Bronfenbrenner’s model of human development  provided an ecological lens for synthesising the barriers to physical activity experienced by adolescents who were overweight or obese and translating study findings into implications for engaging adolescents into physical activity. The Progress-Plus Framework  was used to further synthesise barriers by participant ethnicity and SES. Given the variation apparent in the primary studies, the extent to which each was considered was represented by the following three categories; 0 = participants’ ethnicity and/or SES not addressed in the primary study, 1 = descriptive information on the ethnicity and/or SES of participants presented in a table or summarised descriptively in the text, 2 = the ethnicity or SES of one or more participants is linked to at least one quote denoting a barrier, and 3 = ethnicity and/or SES are synthesised and discussed.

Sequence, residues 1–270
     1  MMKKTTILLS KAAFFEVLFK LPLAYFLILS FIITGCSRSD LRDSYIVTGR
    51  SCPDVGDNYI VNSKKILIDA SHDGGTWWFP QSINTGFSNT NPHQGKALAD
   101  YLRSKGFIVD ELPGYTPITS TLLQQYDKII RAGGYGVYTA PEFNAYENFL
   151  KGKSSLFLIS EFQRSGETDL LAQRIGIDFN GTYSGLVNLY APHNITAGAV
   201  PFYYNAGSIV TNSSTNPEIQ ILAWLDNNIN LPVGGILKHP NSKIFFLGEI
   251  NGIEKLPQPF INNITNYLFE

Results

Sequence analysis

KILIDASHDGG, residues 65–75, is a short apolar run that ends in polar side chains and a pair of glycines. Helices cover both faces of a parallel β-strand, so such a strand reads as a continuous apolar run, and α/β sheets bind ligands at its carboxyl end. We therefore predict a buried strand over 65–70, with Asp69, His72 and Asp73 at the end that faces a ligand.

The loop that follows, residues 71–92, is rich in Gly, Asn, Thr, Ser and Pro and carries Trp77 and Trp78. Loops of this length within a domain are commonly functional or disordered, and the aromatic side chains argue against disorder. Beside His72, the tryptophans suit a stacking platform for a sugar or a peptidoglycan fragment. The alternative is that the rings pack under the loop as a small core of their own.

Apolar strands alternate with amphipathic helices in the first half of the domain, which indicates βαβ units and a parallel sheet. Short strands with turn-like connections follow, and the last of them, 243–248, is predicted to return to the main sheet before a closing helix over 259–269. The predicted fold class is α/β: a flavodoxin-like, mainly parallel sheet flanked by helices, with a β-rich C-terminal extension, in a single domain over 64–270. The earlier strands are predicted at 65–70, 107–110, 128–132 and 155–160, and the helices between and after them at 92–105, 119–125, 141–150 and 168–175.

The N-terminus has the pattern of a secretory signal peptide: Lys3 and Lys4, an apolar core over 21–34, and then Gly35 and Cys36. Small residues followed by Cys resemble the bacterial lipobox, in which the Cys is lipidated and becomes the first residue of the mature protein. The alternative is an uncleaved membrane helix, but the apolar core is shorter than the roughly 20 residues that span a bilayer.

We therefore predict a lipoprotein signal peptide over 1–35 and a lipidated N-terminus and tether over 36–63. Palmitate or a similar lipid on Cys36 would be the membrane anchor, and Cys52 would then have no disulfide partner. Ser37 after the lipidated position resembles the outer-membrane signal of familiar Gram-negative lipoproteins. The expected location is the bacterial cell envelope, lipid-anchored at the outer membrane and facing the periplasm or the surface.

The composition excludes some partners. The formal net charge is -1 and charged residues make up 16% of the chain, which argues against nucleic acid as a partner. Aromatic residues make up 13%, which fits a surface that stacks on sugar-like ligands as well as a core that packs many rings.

Miles and Huberman’s cross-case analysis was integrated with thematic network analysis  to synthesize the individual, interpersonal and environmental level barriers for boys and girls across school, community and home settings and across different ethnic and socioeconomic backgrounds. The application of thematic network analysis  follows Pocock et al. , and was used to identify and ascribe interpretations to the barriers experienced by adolescents in relation to engagement in physical activity. ‘Basic themes’ represent the lowest order premises and were grounded in participant experience, as detailed in each primary study. These codes were compared and contrasted for similarities and differences and then grouped into more abstract ‘organising themes’ guided by the reviewer’s interpretations of the primary findings. Higher-order ‘global themes’ encompassed the principal metaphors across the studies included in the review. The categories of individual, interpersonal and environmental from Bronfenbrenner’s ecological model  of human development were used as the deductive ‘global themes’ which guided the inductive synthesis and identification of ‘organising themes’ or barriers to physical activity. Through the application of Miles and Huberman’s principles of cross-case analysis, conceptually-ordered displays were constructed. For example, based on participant experiences the basic theme of ‘physical bullying’ was assigned to matrices for both genders in the school setting under the higher-order deductive theme ‘interpersonal’. The coding was consolidated as the organising theme of ‘victimisation’ was abstracted to give meaning to adolescents’ experiences of ‘social exclusion’, ‘stereotyping’, ‘verbal bullying’ and ‘physical bullying’. Thus, inductive organising and basic themes were located under deductive global themes from Bronfenbrenner’s model. Two reviewers independently reviewed and discussed the coding for each primary study; the findings reflect the consensus achieved.